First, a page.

Target Slammed by Shoppers for Allegedly Selling "Fake" Gift Cards
Some customers claim the retailer knowingly allows this gift card scheme to happen.
Target knows how to get shoppers to spend money. From different store layout "tricks" to unique beauty offerings, the retail chain often sees customers leaving after having bought much more than originally intended. But while you can expect consistent quality from most Target purchases, shoppers are now claiming some of the store's gift cards are fake—and that Target is knowingly letting this scheme happen. Read on to find more about a class-action lawsuit against the mega-retailer.
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Consumers have been warned about gift card scams.
Buying gift cards is an easy way to treat your loved ones—as long as those cards actually have money on them.
Some shoppers have recently fallen victim to procuring gift cards with an empty balance. As WalletHub analyst Jill Gonzalez explained to NBC Los Angeles, this happens when scammers break into gift card packaging at a retail store and steal the card numbers. They may repackage them in different ways—by putting the original card back in, replacing it with a fake, or even covering up the real barcode with stickers featuring custom codes that are fraudulent.
According to Gonzalez, scammers typically have special software they can plug gift card numbers into that will alert them when the card is purchased and activated.
"Once they know something's activated, they can then use it at their own leisure. And they'll probably use it right away before someone else can," she told NBC Los Angeles.
Target is facing a lawsuit over this ongoing problem.
Target has found itself at the center of complaints over this gift card scheme. A class-action lawsuit has been filed against the popular retailer by consumers in 21 states, Fox 5 DC reported. The suit—which was filed in Minnesota where Target is headquartered—includes claims from those who say they purchased Apple gift cards that had been tampered with at various Target stores across the U.S.
Customer Matias Giraud told Fox 5 DC that he bought eight $100 gift cards in order to get an iPhone, only to find out that two of the cards were fake.
"It was terrible. You know like, first of all walking back in to Target and being like 'Hi, these are fake,'" Giraud said. "And you feel like a scammer yourself, you know. It's not good. Because you're like, 'Hi I'm not trying to scam anybody but this gift card is not working.'"
Best Life reached out to Target about the claims in the lawsuit, and will update this story with their response.
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Consumers claim Target is knowingly selling fake gift cards.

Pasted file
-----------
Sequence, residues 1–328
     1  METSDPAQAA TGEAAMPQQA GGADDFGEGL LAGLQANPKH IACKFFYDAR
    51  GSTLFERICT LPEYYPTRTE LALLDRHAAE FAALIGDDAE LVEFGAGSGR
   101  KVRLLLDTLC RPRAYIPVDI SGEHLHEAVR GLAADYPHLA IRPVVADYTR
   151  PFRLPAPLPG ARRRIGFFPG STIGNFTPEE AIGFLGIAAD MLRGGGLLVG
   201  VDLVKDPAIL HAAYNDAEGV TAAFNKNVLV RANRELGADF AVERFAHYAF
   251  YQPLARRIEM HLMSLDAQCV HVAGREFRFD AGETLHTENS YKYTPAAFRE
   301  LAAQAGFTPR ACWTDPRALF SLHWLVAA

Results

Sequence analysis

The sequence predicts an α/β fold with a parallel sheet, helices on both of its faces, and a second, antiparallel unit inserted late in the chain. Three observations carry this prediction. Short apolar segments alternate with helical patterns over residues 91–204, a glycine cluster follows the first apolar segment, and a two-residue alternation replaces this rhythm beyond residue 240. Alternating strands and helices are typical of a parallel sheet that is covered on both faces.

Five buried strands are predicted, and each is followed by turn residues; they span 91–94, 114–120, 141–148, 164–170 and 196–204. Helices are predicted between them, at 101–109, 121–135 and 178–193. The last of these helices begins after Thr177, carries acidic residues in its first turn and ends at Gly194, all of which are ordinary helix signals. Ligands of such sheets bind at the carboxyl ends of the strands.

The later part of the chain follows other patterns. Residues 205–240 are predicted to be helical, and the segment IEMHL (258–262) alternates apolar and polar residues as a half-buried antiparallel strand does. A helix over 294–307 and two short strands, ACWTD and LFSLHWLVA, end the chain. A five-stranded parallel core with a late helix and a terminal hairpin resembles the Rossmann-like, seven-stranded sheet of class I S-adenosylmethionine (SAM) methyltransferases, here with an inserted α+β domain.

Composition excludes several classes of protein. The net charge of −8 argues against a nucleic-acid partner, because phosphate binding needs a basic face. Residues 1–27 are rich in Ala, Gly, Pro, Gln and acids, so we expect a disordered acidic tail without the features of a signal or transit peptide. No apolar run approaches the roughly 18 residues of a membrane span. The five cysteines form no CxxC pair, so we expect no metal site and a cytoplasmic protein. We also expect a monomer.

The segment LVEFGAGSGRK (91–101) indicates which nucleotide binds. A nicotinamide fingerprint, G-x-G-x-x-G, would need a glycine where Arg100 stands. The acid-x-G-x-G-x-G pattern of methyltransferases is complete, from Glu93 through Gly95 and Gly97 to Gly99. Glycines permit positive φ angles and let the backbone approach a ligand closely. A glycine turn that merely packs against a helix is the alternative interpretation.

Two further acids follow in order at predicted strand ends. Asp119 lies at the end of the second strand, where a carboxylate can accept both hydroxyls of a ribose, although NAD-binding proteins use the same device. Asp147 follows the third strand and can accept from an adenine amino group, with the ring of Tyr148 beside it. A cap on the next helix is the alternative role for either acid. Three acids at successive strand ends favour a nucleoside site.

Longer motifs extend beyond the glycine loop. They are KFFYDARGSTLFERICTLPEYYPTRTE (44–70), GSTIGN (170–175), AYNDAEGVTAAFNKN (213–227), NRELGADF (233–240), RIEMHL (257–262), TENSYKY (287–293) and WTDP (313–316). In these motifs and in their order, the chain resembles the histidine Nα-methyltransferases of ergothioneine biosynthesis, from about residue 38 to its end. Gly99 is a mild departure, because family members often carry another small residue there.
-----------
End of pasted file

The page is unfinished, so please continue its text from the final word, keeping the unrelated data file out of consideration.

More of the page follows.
This gift card scam could impact any retailer, of course. But Target is being hit with this class-action lawsuit because consumers allege that the retail chain is knowingly selling Apple gift cards that could be fake.
"The problem with the Gift Cards is rampant and widespread and Target is well-aware of the problem, yet Target continues to sell insecure Gift Cards," the suit states, per Top Class Actions.
According to the plaintiffs, Target has failed to implement any security to prevent this scam at its stores and therefore has violated various state consumer protection laws.
"Consumers have lost millions of dollars that they loaded onto the Gift Cards because Target failed to take adequate and reasonable measures to ensure that scammers did not tamper with the Gift Cards and failed to disclose to its customers the material fact that it was possible that the Gift Cards had been tampered with," the lawsuit states.
Target says shoppers shouldn't buy a card if its packaging appears tampered with.
Target has a security page on its website dedicated solely to "Gift Card Fraud Prevention." While the retailer delves into many of the different ways scammers could steal your card's balance, it only references the specific tampering scam once.
"Do not purchase a gift card if it appears that the packaging has been altered or manipulated," Target states on its website. "If you have questions about a gift card, ask someone who works at the store."
But as some shoppers have noted, it's not always clear that gift cards have been compromised. "The sleeves were sealed with no issues. No tampering was visible," one Reddit user explained in a Dec. 2022 post they made about buying fake Apple gift cards at Target.
According to the user, the issue was only apparent after the gift cards were purchased and opened. "Once you take the seal off the fake gift cards, they will not open easily. The flap was glued together," they wrote.